Former Great Yarmouth armoury honoured with blue plaque
- Credit: Eastern Daily Press © 2016
Great Yarmouth's role as a strategically important Royal Navy base during the Napoleonic Wars has been recognised with a commemorative blue plaque.
History buffs gathered in Southtown Road last Tuesday to unveil the marker at the site of an armoury and barracks.
The imposing red brick buildings date from 1806 and are all that remains of a base serving the Royal Navy fleet moored at Yarmouth Roads and providing a vantage point from where the North Sea and Dutch Coast could be controlled.
Adding to the their significance was the discovery that MI5 founder Sir Vernan Kell - the original 'K' rather than 'M' - was born there.
Unveiling the 81st marker was Yarmouth mayor Malcolm Bird, who said it was 'a privilege' to be able to shed light on some of the town's forgotten maritime history.
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Just the officers' quarters and armoury remain at the site, once announced by two 18th century cannons - one of which sits on South Quay near the Lydia Eva.
Hailing the historical importance of the Grade II-listed survivals Andrew Fakes, chairman of the Great Yarmouth Local History and Archaelogical Society, said the ceremony was part of an on-going commitment to mark important buildings, events and people in the area.
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The armoury was used by the Royal Navy between 1806 and 1815 and held 10,000 items of weaponry. It could equip two 'Ships of the Line,' four frigates and six sloops and was capable of repairing damaged warships.
Society member Dr Paul Davies said the site was chosen because it was close to the harbour's mouth where it was easy to find spare, cheap land and where casualties would be minimal if the magazines went up.
He added that the buildings, designed by feted architect James Wyatt, were a worthy recipient of a plaque which served as a reminder of the town's importance to the Royal Navy.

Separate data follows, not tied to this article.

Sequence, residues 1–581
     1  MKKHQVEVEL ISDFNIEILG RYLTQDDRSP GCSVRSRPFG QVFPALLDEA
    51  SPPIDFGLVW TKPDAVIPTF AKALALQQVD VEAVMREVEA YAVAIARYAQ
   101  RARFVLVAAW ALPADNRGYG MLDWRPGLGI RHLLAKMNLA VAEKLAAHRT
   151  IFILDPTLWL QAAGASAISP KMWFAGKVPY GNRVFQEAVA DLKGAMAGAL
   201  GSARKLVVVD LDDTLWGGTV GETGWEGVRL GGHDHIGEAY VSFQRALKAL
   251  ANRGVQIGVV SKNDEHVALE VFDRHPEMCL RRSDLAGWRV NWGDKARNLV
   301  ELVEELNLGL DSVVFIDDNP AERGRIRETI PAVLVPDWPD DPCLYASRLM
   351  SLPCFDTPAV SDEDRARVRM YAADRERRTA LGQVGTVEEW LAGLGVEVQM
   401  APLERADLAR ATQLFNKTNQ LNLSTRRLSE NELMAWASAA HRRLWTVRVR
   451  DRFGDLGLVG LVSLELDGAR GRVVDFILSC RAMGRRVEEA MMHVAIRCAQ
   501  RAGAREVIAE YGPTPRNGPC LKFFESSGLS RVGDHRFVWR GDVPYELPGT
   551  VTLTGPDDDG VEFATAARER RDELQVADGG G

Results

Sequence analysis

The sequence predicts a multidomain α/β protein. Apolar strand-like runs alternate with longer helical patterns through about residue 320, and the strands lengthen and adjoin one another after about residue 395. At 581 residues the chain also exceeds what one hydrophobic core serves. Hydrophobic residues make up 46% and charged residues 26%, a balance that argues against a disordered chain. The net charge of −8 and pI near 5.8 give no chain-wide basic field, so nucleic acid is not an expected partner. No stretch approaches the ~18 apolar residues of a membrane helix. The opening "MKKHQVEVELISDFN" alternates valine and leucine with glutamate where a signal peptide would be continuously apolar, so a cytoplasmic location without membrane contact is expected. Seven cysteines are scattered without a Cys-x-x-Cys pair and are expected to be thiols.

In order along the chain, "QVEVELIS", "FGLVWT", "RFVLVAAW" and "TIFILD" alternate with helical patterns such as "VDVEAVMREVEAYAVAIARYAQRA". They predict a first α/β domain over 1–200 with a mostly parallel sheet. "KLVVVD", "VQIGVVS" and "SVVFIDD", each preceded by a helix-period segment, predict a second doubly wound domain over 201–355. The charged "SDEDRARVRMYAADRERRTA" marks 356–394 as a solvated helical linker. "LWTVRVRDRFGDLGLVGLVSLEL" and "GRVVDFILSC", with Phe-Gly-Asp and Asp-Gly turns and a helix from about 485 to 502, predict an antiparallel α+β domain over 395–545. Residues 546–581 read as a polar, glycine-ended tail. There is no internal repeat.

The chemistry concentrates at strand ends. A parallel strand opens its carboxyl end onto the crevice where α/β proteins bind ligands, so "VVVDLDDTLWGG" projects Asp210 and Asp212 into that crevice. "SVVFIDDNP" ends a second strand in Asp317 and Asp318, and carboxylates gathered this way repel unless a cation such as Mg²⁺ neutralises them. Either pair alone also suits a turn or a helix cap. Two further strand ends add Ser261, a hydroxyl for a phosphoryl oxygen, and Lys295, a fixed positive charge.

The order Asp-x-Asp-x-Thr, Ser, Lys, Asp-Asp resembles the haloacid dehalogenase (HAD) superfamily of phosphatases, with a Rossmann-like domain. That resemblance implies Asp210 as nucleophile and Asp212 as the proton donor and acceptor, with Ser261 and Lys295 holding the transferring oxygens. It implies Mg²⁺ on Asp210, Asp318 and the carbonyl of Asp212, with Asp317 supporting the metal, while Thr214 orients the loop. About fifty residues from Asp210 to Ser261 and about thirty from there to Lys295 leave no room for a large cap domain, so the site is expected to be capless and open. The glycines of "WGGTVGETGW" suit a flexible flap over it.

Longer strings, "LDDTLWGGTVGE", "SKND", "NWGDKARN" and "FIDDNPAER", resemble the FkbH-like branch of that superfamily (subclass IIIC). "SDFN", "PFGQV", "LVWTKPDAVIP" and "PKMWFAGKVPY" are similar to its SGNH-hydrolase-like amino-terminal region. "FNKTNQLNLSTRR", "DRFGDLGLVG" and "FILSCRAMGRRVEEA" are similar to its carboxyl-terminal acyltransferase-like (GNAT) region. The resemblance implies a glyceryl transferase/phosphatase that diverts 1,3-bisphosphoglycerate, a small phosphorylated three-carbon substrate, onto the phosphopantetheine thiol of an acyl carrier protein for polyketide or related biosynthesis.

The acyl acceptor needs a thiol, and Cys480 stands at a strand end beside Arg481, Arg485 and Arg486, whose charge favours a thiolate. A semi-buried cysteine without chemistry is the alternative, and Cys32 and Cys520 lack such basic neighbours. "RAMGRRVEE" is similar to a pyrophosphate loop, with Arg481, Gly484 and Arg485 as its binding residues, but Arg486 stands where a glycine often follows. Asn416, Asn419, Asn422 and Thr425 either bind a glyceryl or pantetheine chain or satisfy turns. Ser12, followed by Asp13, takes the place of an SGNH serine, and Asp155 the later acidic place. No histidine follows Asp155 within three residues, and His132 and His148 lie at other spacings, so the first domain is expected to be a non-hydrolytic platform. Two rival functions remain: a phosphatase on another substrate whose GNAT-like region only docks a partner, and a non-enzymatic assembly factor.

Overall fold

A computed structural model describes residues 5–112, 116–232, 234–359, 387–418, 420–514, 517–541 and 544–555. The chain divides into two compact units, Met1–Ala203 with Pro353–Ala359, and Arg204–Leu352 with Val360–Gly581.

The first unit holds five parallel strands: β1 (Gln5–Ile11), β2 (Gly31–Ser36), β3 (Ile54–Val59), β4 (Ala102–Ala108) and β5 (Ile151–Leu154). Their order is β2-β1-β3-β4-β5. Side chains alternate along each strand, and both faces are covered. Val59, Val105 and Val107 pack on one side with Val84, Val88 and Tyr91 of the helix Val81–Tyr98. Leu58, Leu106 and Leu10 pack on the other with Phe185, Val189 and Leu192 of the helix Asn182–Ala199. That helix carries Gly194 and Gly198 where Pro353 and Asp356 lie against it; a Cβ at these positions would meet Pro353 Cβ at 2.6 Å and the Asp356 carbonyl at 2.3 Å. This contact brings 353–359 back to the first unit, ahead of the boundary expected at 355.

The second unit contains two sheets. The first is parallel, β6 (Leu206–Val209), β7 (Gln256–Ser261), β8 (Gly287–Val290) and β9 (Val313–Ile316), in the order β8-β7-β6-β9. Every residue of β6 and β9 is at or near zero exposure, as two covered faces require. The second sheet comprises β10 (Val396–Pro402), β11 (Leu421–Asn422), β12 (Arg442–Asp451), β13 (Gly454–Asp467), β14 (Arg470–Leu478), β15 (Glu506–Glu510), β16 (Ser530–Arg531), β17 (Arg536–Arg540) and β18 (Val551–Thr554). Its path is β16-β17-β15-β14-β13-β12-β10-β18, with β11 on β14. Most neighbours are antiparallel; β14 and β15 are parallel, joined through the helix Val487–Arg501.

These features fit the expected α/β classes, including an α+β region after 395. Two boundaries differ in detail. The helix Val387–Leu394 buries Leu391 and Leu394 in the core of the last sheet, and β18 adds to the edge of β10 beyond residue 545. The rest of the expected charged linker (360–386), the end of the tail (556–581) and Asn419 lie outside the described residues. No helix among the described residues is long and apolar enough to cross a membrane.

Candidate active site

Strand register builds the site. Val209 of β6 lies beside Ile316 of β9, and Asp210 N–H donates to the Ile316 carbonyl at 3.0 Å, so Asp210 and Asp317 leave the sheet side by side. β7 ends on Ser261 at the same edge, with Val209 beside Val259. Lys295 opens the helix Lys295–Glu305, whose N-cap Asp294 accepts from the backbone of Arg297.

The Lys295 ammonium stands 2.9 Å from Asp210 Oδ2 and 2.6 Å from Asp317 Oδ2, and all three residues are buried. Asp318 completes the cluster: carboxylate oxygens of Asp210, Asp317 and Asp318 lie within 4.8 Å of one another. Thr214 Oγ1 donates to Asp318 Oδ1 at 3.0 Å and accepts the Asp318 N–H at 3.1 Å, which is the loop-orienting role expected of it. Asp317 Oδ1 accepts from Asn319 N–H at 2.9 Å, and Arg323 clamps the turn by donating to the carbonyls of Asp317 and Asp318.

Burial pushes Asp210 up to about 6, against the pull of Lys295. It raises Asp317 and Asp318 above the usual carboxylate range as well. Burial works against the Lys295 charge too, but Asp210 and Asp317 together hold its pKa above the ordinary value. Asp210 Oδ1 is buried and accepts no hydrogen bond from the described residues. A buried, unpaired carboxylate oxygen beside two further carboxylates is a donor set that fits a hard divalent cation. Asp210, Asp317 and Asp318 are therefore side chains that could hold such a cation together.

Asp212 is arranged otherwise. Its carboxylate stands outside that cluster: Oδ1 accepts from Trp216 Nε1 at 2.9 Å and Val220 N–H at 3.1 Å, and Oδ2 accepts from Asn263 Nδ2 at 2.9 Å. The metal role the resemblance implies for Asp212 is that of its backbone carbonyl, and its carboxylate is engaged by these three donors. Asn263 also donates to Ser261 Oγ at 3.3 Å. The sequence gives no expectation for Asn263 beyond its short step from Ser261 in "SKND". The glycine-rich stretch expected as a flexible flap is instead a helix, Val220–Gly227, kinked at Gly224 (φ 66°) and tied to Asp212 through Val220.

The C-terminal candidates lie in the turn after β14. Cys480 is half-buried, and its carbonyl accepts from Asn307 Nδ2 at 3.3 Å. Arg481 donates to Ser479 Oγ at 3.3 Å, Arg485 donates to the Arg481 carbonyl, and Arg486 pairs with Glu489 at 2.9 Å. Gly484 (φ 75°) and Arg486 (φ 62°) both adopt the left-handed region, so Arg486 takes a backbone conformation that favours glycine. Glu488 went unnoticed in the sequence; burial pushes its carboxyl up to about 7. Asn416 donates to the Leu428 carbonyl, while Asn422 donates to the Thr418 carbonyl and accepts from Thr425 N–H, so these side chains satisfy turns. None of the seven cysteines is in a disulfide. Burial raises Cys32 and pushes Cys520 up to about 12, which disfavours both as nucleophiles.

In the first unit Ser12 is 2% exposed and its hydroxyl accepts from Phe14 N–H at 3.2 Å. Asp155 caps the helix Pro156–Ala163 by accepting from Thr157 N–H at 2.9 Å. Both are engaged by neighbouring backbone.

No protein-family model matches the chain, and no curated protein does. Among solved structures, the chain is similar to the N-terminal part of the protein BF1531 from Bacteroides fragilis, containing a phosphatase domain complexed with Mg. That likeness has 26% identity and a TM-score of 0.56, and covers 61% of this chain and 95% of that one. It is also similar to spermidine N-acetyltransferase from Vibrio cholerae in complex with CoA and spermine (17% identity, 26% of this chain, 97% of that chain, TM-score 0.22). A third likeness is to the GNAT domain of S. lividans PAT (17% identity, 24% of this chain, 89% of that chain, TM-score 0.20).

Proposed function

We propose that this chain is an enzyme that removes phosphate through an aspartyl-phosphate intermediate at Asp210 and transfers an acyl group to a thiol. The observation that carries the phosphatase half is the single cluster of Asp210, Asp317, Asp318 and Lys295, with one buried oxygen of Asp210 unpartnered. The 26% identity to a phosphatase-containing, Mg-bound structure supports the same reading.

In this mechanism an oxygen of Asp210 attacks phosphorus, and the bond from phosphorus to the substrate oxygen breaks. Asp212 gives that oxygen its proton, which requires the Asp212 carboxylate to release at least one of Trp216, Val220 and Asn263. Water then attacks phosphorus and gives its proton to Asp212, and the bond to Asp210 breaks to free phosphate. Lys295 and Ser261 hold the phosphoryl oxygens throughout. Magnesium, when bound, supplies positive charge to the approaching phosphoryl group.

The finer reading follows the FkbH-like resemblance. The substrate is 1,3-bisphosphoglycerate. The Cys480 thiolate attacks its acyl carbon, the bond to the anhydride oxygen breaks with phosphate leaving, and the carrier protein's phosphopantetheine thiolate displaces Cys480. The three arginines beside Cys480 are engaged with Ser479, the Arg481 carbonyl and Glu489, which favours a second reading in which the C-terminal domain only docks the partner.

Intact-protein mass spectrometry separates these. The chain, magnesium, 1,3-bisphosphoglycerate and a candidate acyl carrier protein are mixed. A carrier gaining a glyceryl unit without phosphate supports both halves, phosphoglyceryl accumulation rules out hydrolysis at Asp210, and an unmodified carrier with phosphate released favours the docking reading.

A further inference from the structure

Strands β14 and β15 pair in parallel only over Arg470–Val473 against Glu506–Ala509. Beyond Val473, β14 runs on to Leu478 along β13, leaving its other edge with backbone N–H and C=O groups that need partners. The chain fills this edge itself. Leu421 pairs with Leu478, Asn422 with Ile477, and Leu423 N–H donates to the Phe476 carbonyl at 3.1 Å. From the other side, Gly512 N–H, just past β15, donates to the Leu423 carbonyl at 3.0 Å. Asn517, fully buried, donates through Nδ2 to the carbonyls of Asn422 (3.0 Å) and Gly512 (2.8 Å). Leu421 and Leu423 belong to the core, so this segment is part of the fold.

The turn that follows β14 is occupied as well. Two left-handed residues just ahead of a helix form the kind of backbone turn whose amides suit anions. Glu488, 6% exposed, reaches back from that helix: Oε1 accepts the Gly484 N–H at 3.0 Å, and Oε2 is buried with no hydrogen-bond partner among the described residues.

After the defeat of Napoleon at Waterloo in 1815 the premises were sold for a grain store and the munitions were removed to the Tower of London and Woolwich Arsenal.
At the outbreak of the Crimean War in 1855 the Army took over the building to use as a barracks, hospital and stables.
It was used by various regiments until 1890.
In 1889 it was put up for auction but received no bids. It was recorded that in 1890 the removal of soldiers had resulted in great financial loss to local traders.
In 1891 J & J Colman acquired the site and nearby warehouses as part of their mustard producing empire and was badly damaged in an air raid in 1941.
The most famous resident of the site, albeit very briefly, was Vernon Charles Waldegrave Kell who as the son of a serving army office was born there in 1873. His mother was a Polish countess and the family travelled widely on the continent where the young Vernon became proficient in several languages.
Early in the 20th century there was fear and some hysteria over the German spy threat to Britain and the MI5 and MI6 secret services were set up in 1910.
Kell was appointed head of MI5 Home Secret Service charged with routing out spies. He remained head of the service until 1940 and finished up with the rank of major general.
Addressing those that had gathered at the site entrance, Mr Davies said: 'We are here today to commemorate the great Naval history the town once had and also one of our own who was born here - a Yarmouth boy.'
The premises are now occupied by three different companies.